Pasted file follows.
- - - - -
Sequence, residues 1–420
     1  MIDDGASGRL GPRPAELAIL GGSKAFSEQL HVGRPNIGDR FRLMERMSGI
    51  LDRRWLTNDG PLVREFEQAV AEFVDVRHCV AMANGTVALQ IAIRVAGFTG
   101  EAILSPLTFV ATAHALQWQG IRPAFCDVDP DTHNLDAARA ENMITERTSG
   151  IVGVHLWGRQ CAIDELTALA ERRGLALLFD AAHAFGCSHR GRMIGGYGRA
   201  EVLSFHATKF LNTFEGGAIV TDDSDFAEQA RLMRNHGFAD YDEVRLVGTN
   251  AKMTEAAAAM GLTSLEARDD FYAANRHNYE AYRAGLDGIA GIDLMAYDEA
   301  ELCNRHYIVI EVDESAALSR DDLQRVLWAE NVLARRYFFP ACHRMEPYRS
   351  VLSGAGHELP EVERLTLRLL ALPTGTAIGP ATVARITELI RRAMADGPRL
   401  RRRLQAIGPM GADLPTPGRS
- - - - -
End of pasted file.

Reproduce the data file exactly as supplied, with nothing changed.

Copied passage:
Sequence, residues 1–420
     1  MIDDGASGRL GPRPAELAIL GGSKAFSEQL HVGRPNIGDR FRLMERMSGI
    51  LDRRWLTNDG PLVREFEQAV AEFVDVRHCV AMANGTVALQ IAIRVAGFTG
   101  EAILSPLTFV ATAHALQWQG IRPAFCDVDP DTHNLDAARA ENMITERTSG
   151  IVGVHLWGRQ CAIDELTALA ERRGLALLFD AAHAFGCSHR GRMIGGYGRA
   201  EVLSFHATKF LNTFEGGAIV TDDSDFAEQA RLMRNHGFAD YDEVRLVGTN
   251  AKMTEAAAAM GLTSLEARDD FYAANRHNYE AYRAGLDGIA GIDLMAYDEA
   301  ELCNRHYIVI EVDESAALSR DDLQRVLWAE NVLARRYFFP ACHRMEPYRS
   351  VLSGAGHELP EVERLTLRLL ALPTGTAIGP ATVARITELI RRAMADGPRL
   401  RRRLQAIGPM GADLPTPGRS